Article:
I did the quick "before" photo just prior to 6:30am and we were off! We all started together, but as in any race, after the first 1/2 mile the field began to spread out. Most of the crew took off pretty quickly, but Brandon and I stayed together. He was having some trouble with his GPS watch, but mine was working fine. My goal was to pace slowly around 10 minutes per mile and just take the miles as the come. The temperature was perfect at around 69 degrees with slightly overcast skies. Even with those cooler August temps, I sweat and run hot. After 2 miles I took my first "s-cap." I was told by various distance runners that S-caps can be a life saver on long endurance races as they are capsules filled with sodium and potassium which give your body the electrolytes needed to hydrate and prevent cramps. I felt great. A nice slow run through a lush forest. It was awesome. I filled my hydration vest with fresh water at every stop, and before I knew it I was at the turn around point 15.6 miles into the race.

Brandon's mom was waiting for him at the half way point and he wanted to keep running right away. I was a bit stiff and just wanted to stretch and eat for a few minutes before the return trip began, so this was where we split up. The rest of the race would be solo for me.

I won't lie - the next 15 miles sucked. Even though the trail was relatively flat, there were big stones on every step and brush to the middle of my calves. My headphones were still working and I had an endless playlist going which definitely helped to pass the time mentally.

It got pretty bad from mile 19-28 from what I can tell of my GPS splits. My left knee was hurting pretty badly, so my right leg was overcompensating and my right calf would start to cramp. I pushed through the pain by running for a few minutes then speed walking for a 10-20 count. It wasn't easy, but after I passed the 26.2 "marathon" mark it felt like the home stretch. Some miles seemed to fly by and others seemed to take forever. My iPhone died at mile 27, so then it just became the sounds of my feet running, heavy breathing and nature. During the last 2 miles I really started to pick up my pace because I saw I could make the time in under 6 hours if I moved fast enough. I passed about 5 or 6 people on the last mile and ran as fast as I could.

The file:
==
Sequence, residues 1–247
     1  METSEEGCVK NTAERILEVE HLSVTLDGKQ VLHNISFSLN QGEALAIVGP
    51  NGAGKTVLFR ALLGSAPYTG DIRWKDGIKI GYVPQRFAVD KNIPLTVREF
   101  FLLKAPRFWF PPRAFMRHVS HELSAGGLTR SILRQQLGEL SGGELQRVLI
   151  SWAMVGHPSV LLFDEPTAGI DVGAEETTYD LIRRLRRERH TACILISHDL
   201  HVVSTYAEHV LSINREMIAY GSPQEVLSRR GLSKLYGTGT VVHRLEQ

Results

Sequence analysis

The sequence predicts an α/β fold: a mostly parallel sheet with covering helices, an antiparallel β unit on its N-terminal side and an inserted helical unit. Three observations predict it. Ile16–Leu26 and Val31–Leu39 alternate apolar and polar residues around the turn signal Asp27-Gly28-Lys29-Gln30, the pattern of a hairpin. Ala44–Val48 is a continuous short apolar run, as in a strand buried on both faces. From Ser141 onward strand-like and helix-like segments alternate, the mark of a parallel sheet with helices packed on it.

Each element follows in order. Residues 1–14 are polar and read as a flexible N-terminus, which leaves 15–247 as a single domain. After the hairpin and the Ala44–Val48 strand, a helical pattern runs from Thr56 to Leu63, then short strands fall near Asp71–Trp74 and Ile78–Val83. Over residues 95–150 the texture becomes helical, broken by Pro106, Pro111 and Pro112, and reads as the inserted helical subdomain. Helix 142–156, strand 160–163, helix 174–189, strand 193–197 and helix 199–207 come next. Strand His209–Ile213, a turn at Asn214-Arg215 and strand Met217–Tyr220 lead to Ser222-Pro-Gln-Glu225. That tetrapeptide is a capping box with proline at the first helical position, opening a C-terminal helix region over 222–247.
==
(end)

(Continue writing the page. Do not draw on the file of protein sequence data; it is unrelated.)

I could see the finish line and some of my friends there waiting for me and it made me push harder. I finished in 6 hours and 1 minute. I was pleased with my time, but definitely think I could do better.

I was hoping for some sort of cool "50k" medal, so I was a bit surprised when the girl at the end asked me if I'd like a pint glass, a tumbler, or a hat. I told her I'd like a medal and everyone laughed. I opted for the pint glass. I immediately took off my shoes and socks, got out of my sweaty vest and shirt and ate 2 burgers from the after race BBQ. We took some photos of our team together - showing the muscles of course - and joked that this was probably the only ultra race where you'll see guys like us flexing.

All in all, this race was an incredible experience that I will absolutely do again. Maybe not this particular venue, but this was the beginning for me of ultra running...